The heat was oppressive, even in the waning daylight, so the team decided to move the pangolins to the vehicle I was in and kept the airconditioner running. In order to facilitate processing, Officer K moved that vehicle adjacent to the suspects’ car, and I disembarked.
Classified as Critically Endangered by the International Union for the Conservation of Nature (IUCN), each female gives birth to only one offspring at a time, usually in the early months of the year. Pangolins burrow underground, so trained dogs hunt them down. The health of the pangolins was foremost in our minds and the team worked fast to secure the evidence, file reports, and interrogate the suspects. From the site, the pangolins were to be transported immediately to a wildlife rescue center where they would be assessed and hopefully, soon after, would be returned to their habitat. This species of pangolin, Manis culionensis, is found only in the Palawan faunal region and has the smallest habitat range among the world’s eight pangolin species. They are selective in the species of ant or termite they consume even actively avoiding certain species when their preference is abundant. Repatriating pangolins is complicated because optimally, each individual should be returned to its original habitat with its customary food sources. This is also the reason why pangolins do not survive in captivity—their preferred ant or termite will certainly not be readily available.
The suspects were arrested around 4:45 p.m. A female police officer was summoned because a female suspect was present. A DENR arrived with news media. While waiting, I walked over to the suspects’ car and peered in. A foul smell permeated the interior, a combination of urine and an odor released by pangolins when they sense danger. At some point the suspects were standing by themselves and I slowly approached them, asking their permission for a chat. Their countenance was that of students in their early twenties, dressed casually in pants and hoodies. I marveled at the impeccable whiteness of the sweatshirt worn by the male suspect. They were quite unlike the older, rough-looking denizens of the criminal world that I had expected.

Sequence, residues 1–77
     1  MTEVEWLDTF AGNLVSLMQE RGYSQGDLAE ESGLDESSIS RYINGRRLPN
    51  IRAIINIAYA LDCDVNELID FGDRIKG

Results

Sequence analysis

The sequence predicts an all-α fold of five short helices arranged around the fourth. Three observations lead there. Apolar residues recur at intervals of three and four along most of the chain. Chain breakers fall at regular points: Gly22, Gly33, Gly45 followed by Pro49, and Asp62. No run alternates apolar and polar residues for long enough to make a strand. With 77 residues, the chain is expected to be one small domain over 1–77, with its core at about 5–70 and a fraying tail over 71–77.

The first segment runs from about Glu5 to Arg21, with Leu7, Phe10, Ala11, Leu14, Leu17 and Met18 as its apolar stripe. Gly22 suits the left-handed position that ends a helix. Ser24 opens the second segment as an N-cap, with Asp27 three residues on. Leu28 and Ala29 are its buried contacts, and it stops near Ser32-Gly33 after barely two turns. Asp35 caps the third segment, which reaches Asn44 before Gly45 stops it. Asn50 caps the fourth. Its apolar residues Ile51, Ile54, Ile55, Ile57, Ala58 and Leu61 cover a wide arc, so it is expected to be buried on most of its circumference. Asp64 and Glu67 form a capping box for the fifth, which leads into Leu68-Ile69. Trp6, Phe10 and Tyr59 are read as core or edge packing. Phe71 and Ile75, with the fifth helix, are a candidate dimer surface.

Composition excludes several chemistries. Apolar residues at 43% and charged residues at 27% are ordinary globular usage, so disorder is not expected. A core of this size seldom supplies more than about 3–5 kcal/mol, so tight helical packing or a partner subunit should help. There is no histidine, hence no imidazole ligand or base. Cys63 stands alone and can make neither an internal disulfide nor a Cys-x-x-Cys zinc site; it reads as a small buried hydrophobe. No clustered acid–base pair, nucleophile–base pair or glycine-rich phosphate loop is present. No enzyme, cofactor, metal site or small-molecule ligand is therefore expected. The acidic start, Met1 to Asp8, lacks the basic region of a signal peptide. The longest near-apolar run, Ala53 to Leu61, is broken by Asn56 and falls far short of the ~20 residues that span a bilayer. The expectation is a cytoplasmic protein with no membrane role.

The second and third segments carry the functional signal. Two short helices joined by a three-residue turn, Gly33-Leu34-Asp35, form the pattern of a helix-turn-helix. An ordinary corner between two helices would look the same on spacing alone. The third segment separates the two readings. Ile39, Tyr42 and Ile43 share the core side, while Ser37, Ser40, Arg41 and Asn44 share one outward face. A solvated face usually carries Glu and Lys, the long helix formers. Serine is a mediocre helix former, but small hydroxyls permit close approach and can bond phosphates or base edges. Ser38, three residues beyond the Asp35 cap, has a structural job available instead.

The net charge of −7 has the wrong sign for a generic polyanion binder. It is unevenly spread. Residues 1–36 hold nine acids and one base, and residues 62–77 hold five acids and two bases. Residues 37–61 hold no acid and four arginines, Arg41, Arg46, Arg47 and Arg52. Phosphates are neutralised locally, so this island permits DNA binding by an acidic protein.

The weight of these individuals ranged from 3.3 to 5.2 kilos, and the main courier said they were paid PhP5,000 per kilo. At a total of 25.25 kilos, this group would have fetched PhP126,250. The main courier, sensing that as a co-female who was not directly involved in the operation, I would be more sympathetic, pleaded her case. She was a mere fishmonger, she said, selling tilapia that was sourced in Nueva Ecija. Their only involvement was delivering the merchandise to Pasay City. One of the officers said the pangolins came from different parts of northern Palawan to Busuanga, then transported by sea to Batangas, where a transfer occurred mid-sea, arriving in Manila last Saturday. The five-day lag time was critical for the transaction because the courier’s fee would be decreased if the pangolins were delivered deceased.
After the DENR officer had given his media interview (the investigation report or IR was to be completed at the police station), it was time to rush the pangolins to the wildlife rescue center located in the Ninoy S Aquino Park and Wildlife Center in Quezon City, at least an hour away, even late at night. The pangolins arrived at the center around 9:30, where Doc Glenn had stayed behind to weigh and assess their health. Labeling them as A, B, C, D, E, and F, it was apparent to those of us watching that some were weaker than others. Some remained curled, unwilling to stretch. C was particularly clinging, refusing to surrender his netting and clutching anything within reach of his powerful claws. They were then deposited in large plastic bins, where several attempted to climb out. I was ecstatic to see them unfurled and active. I thought, mission accomplished.
Little did I know that their journey to Palawan would be hindered by bureaucratic paper shuffling, a powerful typhoon, and holiday work interruptions. I was heartbroken when only one, a male, finally made it back. While his homecoming is certainly a cause for celebration, it is deeply marred by the demise of five others. Looking into their eyes that night of December 16th, I just knew they were fighting valiantly to stay alive. Curled up against the world or stretched out and attempting to flee, they did not give up until they starved, stressed, to death.